tscale = 0.45 | |

numpens = 4 | |

# prime/10 = number of spikes | |

m_values = [n / 10.0 for n in [11, 13, 17, 19, 23]] | |

# ring-ness 0.1 to 2.0, higher is larger | |

n1_values = [ | |

n / 100.0 for n in range(55, 75, 2) + range(80, 120, 5) + range(120, 200, 10)] | |

else: | |

maxplotx = plt.margins.soft.width / 2 | |

maxploty = plt.margins.soft.height / 2 | |

legendx = maxplotx - 3000 | |

legendy = -(maxploty - 900) | |

tscale = 0.45 | |

numpens = 6 | |

m_values = [n / 10.0 for n in [11, 13, 17, 19, 23, 29, 31, | |

37, 41, 43, 47, 53, 59]] # prime/10 = number of spikes | |

# ring-ness 0.1 to 2.0, higher is larger | |

n1_values = [ | |

n / 100.0 for n in range(15, 75, 2) + range(80, 120, 5) + range(120, 200, 10)] | |

print " Max: ({},{})".format(maxplotx, maxploty) | |

# spiky-ness 0.1 to 2.0, higher is spiky-er (mostly) | |

n2_values = [ | |

n / 100.0 for n in range(10, 60, 2) + range(65, 100, 5) + range(110, 200, 10)] | |

plt.write(chr(27) + '.H200:') # set hardware handshake block size | |

plt.set_origin_center() | |

# scale based on B size characters | |

plt.write(hpgl.SI(tscale * 0.285, tscale * 0.375)) | |

# slow speed for those abrupt spikes | |

plt.write(hpgl.VS(10)) | |

while True: | |

# standard loadout has pen 1 = fine black | |

plt.write(hpgl.PA([(legendx, legendy)])) | |

pen = 1 | |

plt.select_pen(pen) | |

plt.write(hpgl.PA([(legendx, legendy)])) | |

plt.write(hpgl.LB("Started " + str(datetime.today()))) | |

if override: | |

m = 4.1 | |

n1_list = [1.15, 0.90, 0.25, 0.59, 0.51, 0.23] | |

n2_list = [0.70, 0.58, 0.32, 0.28, 0.56, 0.26] | |

else: | |

m = random.choice(m_values) | |

n1_list = random.sample(n1_values, numpens) | |

n2_list = random.sample(n2_values, numpens) | |

pen = 1 | |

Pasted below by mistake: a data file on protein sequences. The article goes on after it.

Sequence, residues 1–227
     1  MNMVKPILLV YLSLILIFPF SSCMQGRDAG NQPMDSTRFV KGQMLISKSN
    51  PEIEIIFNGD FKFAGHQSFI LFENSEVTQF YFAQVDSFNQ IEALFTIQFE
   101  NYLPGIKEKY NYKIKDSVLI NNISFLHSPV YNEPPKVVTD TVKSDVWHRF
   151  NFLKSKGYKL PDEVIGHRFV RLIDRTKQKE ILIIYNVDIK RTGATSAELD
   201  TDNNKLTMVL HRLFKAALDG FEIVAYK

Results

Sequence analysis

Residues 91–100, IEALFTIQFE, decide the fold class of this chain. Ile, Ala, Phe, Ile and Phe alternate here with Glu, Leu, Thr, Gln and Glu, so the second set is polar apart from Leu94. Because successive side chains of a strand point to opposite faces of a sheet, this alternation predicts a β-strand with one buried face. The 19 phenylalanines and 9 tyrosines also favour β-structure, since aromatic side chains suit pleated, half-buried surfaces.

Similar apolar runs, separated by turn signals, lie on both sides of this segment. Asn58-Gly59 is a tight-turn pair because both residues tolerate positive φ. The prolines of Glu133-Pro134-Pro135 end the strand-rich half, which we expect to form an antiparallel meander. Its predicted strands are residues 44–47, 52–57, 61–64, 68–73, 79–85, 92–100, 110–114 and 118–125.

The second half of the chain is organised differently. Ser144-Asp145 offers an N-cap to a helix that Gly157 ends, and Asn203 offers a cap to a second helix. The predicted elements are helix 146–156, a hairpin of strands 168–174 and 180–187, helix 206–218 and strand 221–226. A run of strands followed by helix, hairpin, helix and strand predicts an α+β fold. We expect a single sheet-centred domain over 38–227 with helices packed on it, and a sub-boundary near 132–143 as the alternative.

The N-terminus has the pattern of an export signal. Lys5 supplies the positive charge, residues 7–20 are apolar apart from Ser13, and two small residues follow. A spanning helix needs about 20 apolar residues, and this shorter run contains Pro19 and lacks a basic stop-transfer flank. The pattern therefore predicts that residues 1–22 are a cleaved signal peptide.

for n1, n2 in zip(n1_list, n2_list): | |

n3 = n2 | |

print "{0} - m: {1:.1f}, n1: {2:.2f}, n2=n3: {3:.2f}".format(pen, m, n1, n2) | |

plt.select_pen(pen) | |

plt.write(hpgl.PA([(legendx, legendy - 100 * pen)])) | |

plt.write( | |

hpgl.LB("Pen {0}: m={1:.1f} n1={2:.2f} n2=n3={3:.2f}".format(pen, m, n1, n2))) | |

e = supershape(maxplotx, maxploty, m, n1, n2, n3) | |

plt.write(e) | |

pen = pen + 1 if (pen % numpens) else 1 | |

pen = 1 | |

plt.select_pen(pen) | |

plt.write(hpgl.PA([(legendx, legendy - 100 * (numpens + 1))])) | |

plt.write(hpgl.LB("Ended " + str(datetime.today()))) | |

plt.write(hpgl.PA([(legendx, legendy - 100 * (numpens + 2))])) | |

plt.write(hpgl.LB("More at https://softsolder.com/?s=7475a")) | |

plt.select_pen(0) | |

plt.write(hpgl.PA([(-maxplotx,maxploty)])) | |

print "Waiting for plotter... ignore timeout errors!" | |

sleep(40) | |

while NoneType is type(plt.status): | |

sleep(5) | |

print "Load more paper, then ..." | |

print " ... Press ENTER on the plotter to continue" | |

plt.clear_digitizer() | |

plt.digitize_point() | |

plotstatus = plt.status | |

while (NoneType is type(plotstatus)) or (0 == int(plotstatus) & 0x04): | |

plotstatus = plt.status | |

print "Digitized: " + str(plt.digitized_point) |